The ILO Social Protection Floors Recommendation No. 202, unanimously adopted by 184 members of the International Labour Conference in 2012, provided for the first time concrete content to the abstract right to social security.

Recommendation 202 was born out of a desire to protect the vulnerable from the consequences of the Global Financial Crisis (GFC). It was one of the nine UN crisis initiatives agreed upon between the heads of all UN agencies in April 2009, time by when it had become obvious that, barring decisive action, ultimately the poor, the sick and disabled, the old and the unemployed would have to bear the lion’s share of the economic burden unleashed by the crisis. But, perhaps unintendedly, it helped define the right to social security, carrying important consequences for financial and fiscal policy.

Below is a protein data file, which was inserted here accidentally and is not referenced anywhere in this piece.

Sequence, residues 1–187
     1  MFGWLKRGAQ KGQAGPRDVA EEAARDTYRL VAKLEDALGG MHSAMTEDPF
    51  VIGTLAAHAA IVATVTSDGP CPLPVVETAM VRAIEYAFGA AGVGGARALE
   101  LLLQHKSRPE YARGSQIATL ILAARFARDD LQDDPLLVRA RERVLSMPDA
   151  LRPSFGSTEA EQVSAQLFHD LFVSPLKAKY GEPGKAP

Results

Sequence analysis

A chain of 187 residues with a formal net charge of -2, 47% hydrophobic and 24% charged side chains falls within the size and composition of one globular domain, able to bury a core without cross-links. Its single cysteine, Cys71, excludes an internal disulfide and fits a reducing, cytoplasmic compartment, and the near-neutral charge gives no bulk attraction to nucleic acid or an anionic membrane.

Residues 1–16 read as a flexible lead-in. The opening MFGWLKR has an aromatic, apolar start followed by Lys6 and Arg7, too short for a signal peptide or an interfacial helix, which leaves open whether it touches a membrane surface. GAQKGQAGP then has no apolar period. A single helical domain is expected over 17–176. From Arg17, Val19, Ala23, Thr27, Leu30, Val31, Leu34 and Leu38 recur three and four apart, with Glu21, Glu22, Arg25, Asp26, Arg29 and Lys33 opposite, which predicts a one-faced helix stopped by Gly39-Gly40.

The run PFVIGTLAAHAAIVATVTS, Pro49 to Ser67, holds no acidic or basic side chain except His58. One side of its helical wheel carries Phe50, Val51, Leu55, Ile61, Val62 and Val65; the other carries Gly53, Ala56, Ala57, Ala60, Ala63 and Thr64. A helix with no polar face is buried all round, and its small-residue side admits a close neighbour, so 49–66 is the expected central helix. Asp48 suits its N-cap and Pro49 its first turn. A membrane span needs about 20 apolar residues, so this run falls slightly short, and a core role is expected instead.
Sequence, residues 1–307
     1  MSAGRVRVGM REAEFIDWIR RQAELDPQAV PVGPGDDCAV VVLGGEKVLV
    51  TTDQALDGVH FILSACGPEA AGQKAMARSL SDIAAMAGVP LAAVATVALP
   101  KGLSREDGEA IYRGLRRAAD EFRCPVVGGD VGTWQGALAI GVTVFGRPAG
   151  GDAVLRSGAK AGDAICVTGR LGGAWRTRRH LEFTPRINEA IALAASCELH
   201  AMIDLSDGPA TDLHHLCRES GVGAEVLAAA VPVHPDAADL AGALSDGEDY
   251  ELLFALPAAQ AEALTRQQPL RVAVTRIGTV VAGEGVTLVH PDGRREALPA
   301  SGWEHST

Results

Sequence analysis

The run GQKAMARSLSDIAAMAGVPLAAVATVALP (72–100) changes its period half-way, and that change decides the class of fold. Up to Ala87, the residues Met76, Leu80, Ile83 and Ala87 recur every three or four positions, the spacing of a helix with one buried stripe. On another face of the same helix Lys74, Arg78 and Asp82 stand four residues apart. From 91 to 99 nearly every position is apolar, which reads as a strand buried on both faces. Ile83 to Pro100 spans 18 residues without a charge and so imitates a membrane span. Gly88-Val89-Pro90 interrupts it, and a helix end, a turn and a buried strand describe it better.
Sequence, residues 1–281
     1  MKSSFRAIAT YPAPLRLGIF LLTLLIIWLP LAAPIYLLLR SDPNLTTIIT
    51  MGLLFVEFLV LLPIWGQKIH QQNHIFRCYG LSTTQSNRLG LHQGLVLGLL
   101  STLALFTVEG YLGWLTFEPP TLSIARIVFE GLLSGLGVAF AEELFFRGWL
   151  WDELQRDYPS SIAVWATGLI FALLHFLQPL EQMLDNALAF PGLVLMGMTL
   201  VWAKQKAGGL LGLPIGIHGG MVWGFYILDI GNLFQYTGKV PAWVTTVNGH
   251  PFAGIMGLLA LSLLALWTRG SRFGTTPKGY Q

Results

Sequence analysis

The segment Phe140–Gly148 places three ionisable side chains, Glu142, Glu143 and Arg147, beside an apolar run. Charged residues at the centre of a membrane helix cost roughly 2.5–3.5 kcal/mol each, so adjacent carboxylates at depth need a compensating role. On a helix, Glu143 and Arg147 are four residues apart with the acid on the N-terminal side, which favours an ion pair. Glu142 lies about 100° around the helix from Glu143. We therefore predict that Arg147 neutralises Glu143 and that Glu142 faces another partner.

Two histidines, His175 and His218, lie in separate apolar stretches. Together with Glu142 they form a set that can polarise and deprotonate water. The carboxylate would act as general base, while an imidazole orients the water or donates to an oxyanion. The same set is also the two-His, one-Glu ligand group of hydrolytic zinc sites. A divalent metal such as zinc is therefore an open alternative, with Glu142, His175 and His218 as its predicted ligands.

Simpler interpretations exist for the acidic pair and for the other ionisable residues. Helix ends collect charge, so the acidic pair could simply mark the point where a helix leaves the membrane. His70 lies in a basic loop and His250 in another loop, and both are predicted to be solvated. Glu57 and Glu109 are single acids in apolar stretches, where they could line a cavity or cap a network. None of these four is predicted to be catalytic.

Palace of the Nation, seat of the
Belgian Federal Parliament in
Brussels.(Photo: Belgian
government)

In September 2015, Belgium declared that the 2030 Agenda will give a new élan for Belgian global engagement, calling for human rights, LGBT rights, women's rights, decent work and the power of digitalization, concluding that Belgium was ready to implement the agenda. However, by referring mainly to international cooperation, it was not clear if Belgium accepted the challenge to also change its national policy in order to reach the 2030 Agenda.